Award-winning, Harvard educated physician, innovator, and powerhouse, Julielynn Wong, is radically transforming the healthcare industry through accessible 3D printed medical solutions. Julielynn is the President of 3D4MD, and has served as the Health and Safety Officer for the Mars Desert Research Station. She seeks to inspire a new generation of innovators through her novel and interactive 3D printing technology and solutions. According to Julielynn, “anybody can be an innovator” – it’s about creating technology that’s beneficial and accessible for the majority of people.
You’re the President of 3D4MD and a leader in solar-powered 3D printing. How would you describe your work and what your job entails?
3D4MD brings innovators, healthcare professionals, and patients together to create affordable 3D printable medical solutions to positively impact over one billion lives. We’ve shown it’s possible to use low-cost, portable 3D printers to make medical supplies locally using solar energy to deliver the highest standard of medical care in the most challenging places to those who need it the most.
At the Toronto Design Offsite Symposium, you said “public health is about addressing problems that affect a lot of people.” What excites you about 3D printing as a means to facilitate this?
There are over one billion people with disabilities. Many of them need but can’t get custom assistive devices that allow them to participate fully in everyday life. The reason why is because there’s a global shortage of skilled workers who can make custom assistive devices. But now it’s possible to use free software to create 3D models of custom assistive devices and 3D print them cheaply using local 3D printers in public libraries, schools, makerspaces, print shops, or people’s homes. This saves time and money for people with disabilities.
Over one billion people lack access to electricity. In many remote places, simple medical items are costly and can take weeks to months to arrive at a clinic. I designed and tested a solar-powered, plug-and-play, ultra-portable 3D printing system to make a range of hygienic, effective, and low-cost medical supplies at the point of use. This system fits inside a carry-on suitcase which allows safer handling of fragile parts and saves money by avoiding checked baggage fees. Healthcare workers visiting remote villages can bring this solar-powered suitcase 3D printer with them to make medical supplies on site. These workers can leave these 3D printers behind after teaching the local community how to design and print their own solutions to generate income. The local community could even print parts to make more 3D printers.
How do you imagine 3D printing, as a completely accessible domain, will impact the future?
With 3D printing, physical objects can be stored as digital files. So it’s possible to email supplies around the globe or uplink objects to space.
At 3D4MD, we’re building a digital library, like iTunes, but instead of songs, people can select, customize, and download 3D printable files to make safe and effective medical supplies locally.
We believe that no one should have to suffer needlessly or die because of lack of access to 3D printable medical supplies.
When we talk about that future more broadly, consumption and sustainability are key issues. How do you feel your work impacts this?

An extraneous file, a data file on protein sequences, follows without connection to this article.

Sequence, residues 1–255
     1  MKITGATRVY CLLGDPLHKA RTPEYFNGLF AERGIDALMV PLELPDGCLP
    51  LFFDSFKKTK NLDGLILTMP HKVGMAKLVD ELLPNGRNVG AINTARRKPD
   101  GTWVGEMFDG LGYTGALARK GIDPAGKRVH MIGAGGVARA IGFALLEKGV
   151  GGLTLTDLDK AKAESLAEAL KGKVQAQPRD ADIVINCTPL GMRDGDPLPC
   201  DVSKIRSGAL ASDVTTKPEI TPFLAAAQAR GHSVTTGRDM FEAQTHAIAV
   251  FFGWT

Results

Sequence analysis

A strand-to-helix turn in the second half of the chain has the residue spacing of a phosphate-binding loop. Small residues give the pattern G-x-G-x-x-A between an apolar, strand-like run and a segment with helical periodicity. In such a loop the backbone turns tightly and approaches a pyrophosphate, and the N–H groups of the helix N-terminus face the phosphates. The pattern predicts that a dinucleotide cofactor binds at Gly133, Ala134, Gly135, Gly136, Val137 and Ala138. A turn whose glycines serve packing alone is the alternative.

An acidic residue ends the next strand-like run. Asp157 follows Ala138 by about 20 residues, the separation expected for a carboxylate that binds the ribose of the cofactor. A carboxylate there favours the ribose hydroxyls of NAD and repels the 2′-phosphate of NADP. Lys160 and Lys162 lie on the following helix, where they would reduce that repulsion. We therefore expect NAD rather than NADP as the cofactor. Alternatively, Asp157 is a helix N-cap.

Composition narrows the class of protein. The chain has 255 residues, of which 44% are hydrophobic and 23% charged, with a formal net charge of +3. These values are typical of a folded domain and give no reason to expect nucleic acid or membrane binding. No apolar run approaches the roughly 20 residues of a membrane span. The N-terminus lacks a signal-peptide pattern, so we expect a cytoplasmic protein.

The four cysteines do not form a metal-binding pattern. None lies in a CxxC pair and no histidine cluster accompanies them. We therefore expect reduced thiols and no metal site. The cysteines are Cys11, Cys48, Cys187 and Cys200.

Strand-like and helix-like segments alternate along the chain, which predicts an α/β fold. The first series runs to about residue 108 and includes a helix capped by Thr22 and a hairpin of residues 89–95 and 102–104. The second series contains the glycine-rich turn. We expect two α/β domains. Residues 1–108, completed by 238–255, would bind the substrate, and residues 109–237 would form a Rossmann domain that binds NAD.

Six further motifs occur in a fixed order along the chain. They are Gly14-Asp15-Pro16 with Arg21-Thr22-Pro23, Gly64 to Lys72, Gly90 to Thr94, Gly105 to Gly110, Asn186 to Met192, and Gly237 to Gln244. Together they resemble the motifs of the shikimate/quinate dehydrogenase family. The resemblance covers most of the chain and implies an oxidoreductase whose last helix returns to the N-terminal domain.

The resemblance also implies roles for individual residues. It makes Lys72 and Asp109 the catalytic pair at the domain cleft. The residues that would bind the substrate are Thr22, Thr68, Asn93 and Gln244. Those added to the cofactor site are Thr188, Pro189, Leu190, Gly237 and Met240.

We’re investigating other off-grid power sources for 3D printing and potentially using 3D printer feedstock containing recycled plastic to make safe and functional medical supplies.
3D printing medical supplies in space resolves very important challenges of space travel for prolonged period. In the future, what are some scenarios this technology could resolve? What are some of the most important objects astronauts will need to print in space?
Astronauts can’t take everything they will need with them on a long space mission. So they may have to 3D print medical supplies, tools, equipment, spare parts, and even habitats on-site.
In your experience, what have been some of the most significant challenges of 3D printing in space? In the future, what new opportunities and/or barriers might exist?
Star Trek Replicators are real. The first 3D printer was launched to the International Space Station last fall. The first functional object 3D printed in space was a panel for the 3D printer’s extruder. This showed that the first off-world 3D printer is capable of printing part of itself. This means that the first Star Trek Replicator is partially self-replicating.
Today, it’s possible for someone to book the Made In Space Inc. off-world 3D printer, upload your digital models, and test what can be printed in microgravity. I now have a print slot reserved to 3D print the first medical tools onboard the International Space Station.
How do you see your role changing, shifting, or influencing the future of 3D printing?
With 3D printing, anybody can be an innovator.
Now it’s possible to take an idea, create a digital design, and make it physically real by clicking “print.” My role is to inspire, teach, and empower people to become innovators and use 3D printing to solve big challenges.
From 3D printing supplies in rural communities here on earth, to doing it in space, you have 3D printed supplies in some of the most remote and resource constrained environments. What is next for you? What’s exciting about the future of 3D printing?
I’ve helped launch two crowd-sourced, open-source 3D printing design challenges and will be posting more humanitarian design challenges on the 3D4MD website. Imagine the global problems we could solve when we harness our collective creativity!